Several Jedi Generals were also as fathers to their men, the Clone Troopers, despite their origin. They treated them well, giving advice, etc. Many willingly sacrificed themselves to save their Clone Troopers.
While it doesn't come off so much in the movies, in his own way, Darth Vader — himself a veteran of the Clone Wars — is like this to Imperial troops. Despite belonging to the topmost rung of the Empire's hierarchy, Vader would fight on the frontlines with them, not expect anything from them he wouldn't do himself and was generally a very strong guarantee of success in most of the battles he led. Note that this depends heavily on whose writing him: in some stories, Vader doesn't give a single damn about any of the soldiers under his command and treats them as entirely expendable.
Thrawn, having realized that the Empire remnant no longer had reserves, became a respected - if somewhat ruthless - leader to his men, trying to spare them whenever he could and heavily reprimanding his commanders for losing them fruitlessly.
And Polly's own motherlynature shows throughout the book, often landing her in charge even when she's not technically in charge.
Commander Sam Vimes. "When your back's against the wall, Mister Vimes is right behind you."
Arch-Chancellor Ridcully. While he can be a bit abrasive he is genuinely protective of the rest of the university faculty and willing to fight to protect them. Probably best exemplified by this speech, one of the few times he gets truly angry.
"[I]f anyone has poisoned our Librarian, then, although I am not, by nature, a vindictive man, I will see to it that this university hunts down the poisoner by every thaumic, mystic and occult means available and makes the rest of their life not only as horrible as they can imagine it, but as horrible as I can imagine it. And you can depend on it, gentlemen, that I have already started work on it."
In Sandy Mitchell's Ciaphas Cain novels, Cain does his best to pose as this (and later, to pound into the heads of cadets that this is elementary self-preservation). Apparently, he's completely successful; both Sulla and Tayber, in the excerpts from their works, effuse about his boundless concern for his subordinates.)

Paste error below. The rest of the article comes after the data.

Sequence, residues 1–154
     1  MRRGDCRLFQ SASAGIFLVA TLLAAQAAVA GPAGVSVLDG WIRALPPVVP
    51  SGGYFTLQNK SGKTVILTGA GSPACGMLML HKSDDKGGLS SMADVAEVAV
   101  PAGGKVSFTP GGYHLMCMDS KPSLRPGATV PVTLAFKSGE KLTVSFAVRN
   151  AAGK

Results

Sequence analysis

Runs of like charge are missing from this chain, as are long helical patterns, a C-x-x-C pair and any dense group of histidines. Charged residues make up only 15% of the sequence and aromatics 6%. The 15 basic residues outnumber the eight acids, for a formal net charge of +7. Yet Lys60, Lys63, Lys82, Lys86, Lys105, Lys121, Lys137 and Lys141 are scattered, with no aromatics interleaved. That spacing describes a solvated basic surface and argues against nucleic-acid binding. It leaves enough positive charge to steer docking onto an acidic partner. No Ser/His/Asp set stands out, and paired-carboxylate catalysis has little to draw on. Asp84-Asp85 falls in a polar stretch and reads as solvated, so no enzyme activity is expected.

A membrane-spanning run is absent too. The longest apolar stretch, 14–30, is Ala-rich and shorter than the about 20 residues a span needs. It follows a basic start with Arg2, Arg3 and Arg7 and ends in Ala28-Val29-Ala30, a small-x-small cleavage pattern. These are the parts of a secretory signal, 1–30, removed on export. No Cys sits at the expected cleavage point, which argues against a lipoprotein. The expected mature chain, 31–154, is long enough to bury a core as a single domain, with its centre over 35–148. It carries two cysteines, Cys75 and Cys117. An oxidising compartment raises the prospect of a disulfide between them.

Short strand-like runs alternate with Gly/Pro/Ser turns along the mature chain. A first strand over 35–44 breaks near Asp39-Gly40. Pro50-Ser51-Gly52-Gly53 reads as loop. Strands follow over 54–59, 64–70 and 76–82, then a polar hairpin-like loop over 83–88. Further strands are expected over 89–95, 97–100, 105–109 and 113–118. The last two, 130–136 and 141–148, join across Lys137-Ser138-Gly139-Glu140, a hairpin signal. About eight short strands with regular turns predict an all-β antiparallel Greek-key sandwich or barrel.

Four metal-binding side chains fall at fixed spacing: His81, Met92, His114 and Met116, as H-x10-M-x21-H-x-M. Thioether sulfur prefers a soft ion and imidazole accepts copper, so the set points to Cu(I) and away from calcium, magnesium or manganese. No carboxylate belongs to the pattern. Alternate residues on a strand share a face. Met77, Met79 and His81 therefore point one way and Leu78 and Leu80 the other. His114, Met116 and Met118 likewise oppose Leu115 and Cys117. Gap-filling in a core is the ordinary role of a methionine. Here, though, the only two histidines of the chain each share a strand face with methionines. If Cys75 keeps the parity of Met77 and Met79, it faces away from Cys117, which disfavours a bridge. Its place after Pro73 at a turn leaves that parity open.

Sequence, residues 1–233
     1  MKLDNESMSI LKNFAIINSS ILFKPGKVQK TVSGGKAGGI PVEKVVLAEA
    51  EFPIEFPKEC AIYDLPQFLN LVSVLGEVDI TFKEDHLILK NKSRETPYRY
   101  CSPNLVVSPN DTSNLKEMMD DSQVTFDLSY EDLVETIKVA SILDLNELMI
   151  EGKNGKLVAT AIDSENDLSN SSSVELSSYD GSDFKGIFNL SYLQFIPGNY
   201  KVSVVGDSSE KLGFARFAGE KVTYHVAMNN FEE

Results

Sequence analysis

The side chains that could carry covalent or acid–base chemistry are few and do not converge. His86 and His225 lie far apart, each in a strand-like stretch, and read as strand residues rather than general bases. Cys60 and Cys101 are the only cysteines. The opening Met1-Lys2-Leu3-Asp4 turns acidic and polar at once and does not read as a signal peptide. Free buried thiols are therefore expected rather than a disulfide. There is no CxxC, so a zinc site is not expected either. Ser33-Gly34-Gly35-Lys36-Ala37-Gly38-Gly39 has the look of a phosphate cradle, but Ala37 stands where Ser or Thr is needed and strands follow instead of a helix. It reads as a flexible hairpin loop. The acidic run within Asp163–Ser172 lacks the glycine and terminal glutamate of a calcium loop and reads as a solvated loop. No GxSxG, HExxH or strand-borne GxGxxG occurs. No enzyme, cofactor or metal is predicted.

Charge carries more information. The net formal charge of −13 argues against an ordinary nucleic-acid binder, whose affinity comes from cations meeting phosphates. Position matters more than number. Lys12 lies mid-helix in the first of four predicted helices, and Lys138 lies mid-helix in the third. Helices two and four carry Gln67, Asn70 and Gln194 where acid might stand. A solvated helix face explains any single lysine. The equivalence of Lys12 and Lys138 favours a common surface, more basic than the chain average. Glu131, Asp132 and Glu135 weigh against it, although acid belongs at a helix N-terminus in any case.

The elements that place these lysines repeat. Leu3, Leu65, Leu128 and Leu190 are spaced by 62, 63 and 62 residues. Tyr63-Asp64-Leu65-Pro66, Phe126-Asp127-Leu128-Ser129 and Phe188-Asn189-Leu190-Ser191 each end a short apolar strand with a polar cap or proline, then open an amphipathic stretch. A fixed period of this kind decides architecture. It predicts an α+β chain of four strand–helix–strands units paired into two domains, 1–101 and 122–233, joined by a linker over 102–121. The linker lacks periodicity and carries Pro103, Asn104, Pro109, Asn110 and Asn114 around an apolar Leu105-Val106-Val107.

However, whether Ciaphas Cain is a true father to his men or not is a matter up to debate, though considering how many times his biographer notes he followed this trope when being coldblooded would be more rational, signs point this being true.
One can at least argue that he makes a good example of why a commissar that encourages his men through care rather than fear is more effective. As he himself states, commissars who use fear to boost morale are for some reason more susceptible to "accidents" from his subordinates, which in turn would plummet morale to oblivion in the end.
At the same time, he is so oblivious to how beloved he is by his men - and indeed most of the Imperial Guard - that, when an assassin tries to kill him, he points out that it would have made more sense to kill other officers or the Planetary Governor - not realizing that his death would be devastating to morale.
Dan Abnett's Horus Heresy novel Horus Rising opens with the Warmaster sends one of his men, Sejanus, to parlay with a planetary emperor, and Sejanus is murdered.
The commander's grief was absolute. He had loved Sejanus like a son.
In Abnett's Gaunt's Ghosts series Colonel-Commissar Gaunt of the Tanith First-and-Only isin this role, but Colm Corbec, Gol Kolea, and to a lesser extent Viktor Hark all exhibit signs of this. In The Guns Of Tanith, several people try to persuade Gaunt this it is beneath his dignity to involve himself in the question of whether a Ghost trooper accused of rape and murder is guilty. He counters with the fact that the troopers actually win his battles, and a general is impressed by such views, which he hasn't heard in some time.